States bring renewed swagger to Top States 2013
The national economy is recovering. State finances are improving.
This is where the competition for business—and jobs—gets interesting.
CNBC has been ranking all 50 states for competitiveness since 2007. Since then, states have endured a financial crisis and a wrenching recession; they've seen a stimulus windfall and winds of political change sweeping America's statehouses. States have staggered from a real estate bust and swaggered in a domestic energy boom.
America's Top States for Business 2013, our seventh annual study, comes as the states continue to shake off the effects of the Great Recession. Slowly but surely, they are getting back in fighting shape—fighting for jobs, that is.
The National Conference of State Legislatures, which monitors the states' economic health, reports in its annual "Spring Budget Update" that the general outlook among legislative fiscal officials "is one of stability, with a dose of uncertainty, as states continue to plod their way through an extended economic recovery."
That plodding is slowly giving way to a little spring in the states' collective step. States are tweaking the sales pitches they aim at business, reflecting greater confidence in economically sensitive measures of their business climates. And because our unique formula rates the states on the criteria they use to sell themselves, America's Top States for Business shows once and for all whether that confidence is justified.
We score each state on 55 metrics in 10 broad categories of competitiveness. We assign each category a point weighting based on how frequently states cite the category as a selling point in economic development marketing materials. With 2,500 possible points across the 10 categories, only the states that put it all together can make the grade as America's Top States for Business.
Once again this year, states are touting their low Cost of Doing Business above all. In fact, they're touting it more than ever.
The category carries 450 points, more weight than it has ever carried in our study. The increased emphasis on low costs stands to reason. Conservative, anti-tax forces now dominate state governments in much of the country, heightening the competition on the tax front. But there is much more to the Cost of Doing Business than taxes—wages and real estate costs, for example—and we look at a whole range.
"If you're ready to bring your business to a state of higher profits, there's no better place," said the Indiana Economic Development Corp. on its website, which calls the state's tax structure, utility rates and workers' compensation costs "simply icing on the cake." The thing is, nearly every state makes similar claims about its business costs. We subject those claims to objective measures based on publicly available data.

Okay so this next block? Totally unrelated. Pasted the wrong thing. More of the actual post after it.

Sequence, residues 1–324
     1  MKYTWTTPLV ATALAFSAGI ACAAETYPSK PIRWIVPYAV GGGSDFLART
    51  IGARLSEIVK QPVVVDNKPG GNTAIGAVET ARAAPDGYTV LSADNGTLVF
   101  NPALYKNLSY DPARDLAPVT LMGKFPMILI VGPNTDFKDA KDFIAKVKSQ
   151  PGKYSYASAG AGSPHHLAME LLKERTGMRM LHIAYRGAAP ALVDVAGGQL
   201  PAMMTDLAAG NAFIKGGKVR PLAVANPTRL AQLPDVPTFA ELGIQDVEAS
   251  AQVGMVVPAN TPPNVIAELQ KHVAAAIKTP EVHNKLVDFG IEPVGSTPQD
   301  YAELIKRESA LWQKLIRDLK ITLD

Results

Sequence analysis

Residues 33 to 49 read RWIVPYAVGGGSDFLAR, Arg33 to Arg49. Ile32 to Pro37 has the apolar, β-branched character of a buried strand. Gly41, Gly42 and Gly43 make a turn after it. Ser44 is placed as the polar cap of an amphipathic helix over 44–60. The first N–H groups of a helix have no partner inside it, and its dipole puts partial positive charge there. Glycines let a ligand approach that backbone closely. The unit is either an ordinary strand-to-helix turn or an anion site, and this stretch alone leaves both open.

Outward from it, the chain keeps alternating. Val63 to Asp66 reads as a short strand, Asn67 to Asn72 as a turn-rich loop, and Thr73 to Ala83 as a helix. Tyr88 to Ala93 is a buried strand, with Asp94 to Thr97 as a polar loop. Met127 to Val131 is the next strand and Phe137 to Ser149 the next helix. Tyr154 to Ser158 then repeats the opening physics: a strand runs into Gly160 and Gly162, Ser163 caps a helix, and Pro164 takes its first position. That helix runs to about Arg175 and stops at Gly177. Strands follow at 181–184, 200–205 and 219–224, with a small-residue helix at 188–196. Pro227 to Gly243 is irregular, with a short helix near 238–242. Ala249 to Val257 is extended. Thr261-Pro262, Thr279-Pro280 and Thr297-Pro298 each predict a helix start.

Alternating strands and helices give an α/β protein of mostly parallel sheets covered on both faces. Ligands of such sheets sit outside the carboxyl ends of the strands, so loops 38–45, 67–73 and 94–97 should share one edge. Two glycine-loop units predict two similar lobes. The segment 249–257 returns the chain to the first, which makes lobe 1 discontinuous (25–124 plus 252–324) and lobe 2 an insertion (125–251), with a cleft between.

In addition to the increased emphasis on business costs and the purported health of each state's Economy (which carries 375 points this year), states are increasingly talking about their Infrastructure (350 points).
"By rail, by road, by sea or sky, North Carolina's central location on the Eastern Seaboard and excellent transportation infrastructure make it an optimal point for access to markets and customers," crows that state's Commerce Department website.
Even the most perennially competitive states know they cannot rest on their laurels when it comes to infrastructure, and the cost of complacency is dear. Virginia Gov. Bob McDonnell used his state's performance in our 2012 rankings as a rallying point to pass a landmark $6 billion transportation bill.
The three-time winner of America's Top States for Business fell to third place last year, McDonnell said, "in large part because of our repeated inability to properly fund transportation."
"That is unacceptable," McDonnell, a Republican, said in February.
States still like to point to the quality of their Workforce—the Minnesota Department of Employment and Economic Development talks about the state's "tireless work ethic," for example. But with unemployment falling and the pool of available workers shrinking, states are putting less emphasis on that aspect of competitiveness than they have in previous years. The category falls to 300 points for 2013.
States are also putting less emphasis than ever on the quality of their Education systems. The category carries just 150 points in this year's study. We look at all levels of education, from kindergarten through college.
We think our Top States study is the most comprehensive study on competitiveness there is, analyzing thousands of data points. But we know that different businesses have different needs, and every state—no matter the rank—has something unique to offer.
Nonetheless, with millions of you clicking, Tweeting and tuning in every year, we are getting an important conversation started—in the Top States, the bottom states and every state in between.
"Claiming the spot as America's Top State for Business 2012 reinforces the fact that the Lone Star State is the nation's leader in fostering an economic climate that creates jobs, promotes innovation and opens the door to unlimited opportunity," said Gov. Rick Perry, R-Texas, after claiming the top position last year.
The governor of 2012 Bottom State Rhode Island, meanwhile, said that while he would not contend with our findings, he prefers to look at the bigger picture.
"There is a balance between being completely pro-business and having a good quality of life," Lincoln Chafee, an independent, told the Pawtucket Times following last year's rankings.
We want to hear from you as we crunch the numbers on America's Top States for Business 2013. Weigh in with your comments here, and on social media using the tag #TopStates. And stay with CNBC television for regular updates. That's where we'll be counting down this year's Top States. Then, come back here to see where your state stacks up.
—By CNBC's Scott Cohn. Follow him on Twitter @ScottCohnCNBC.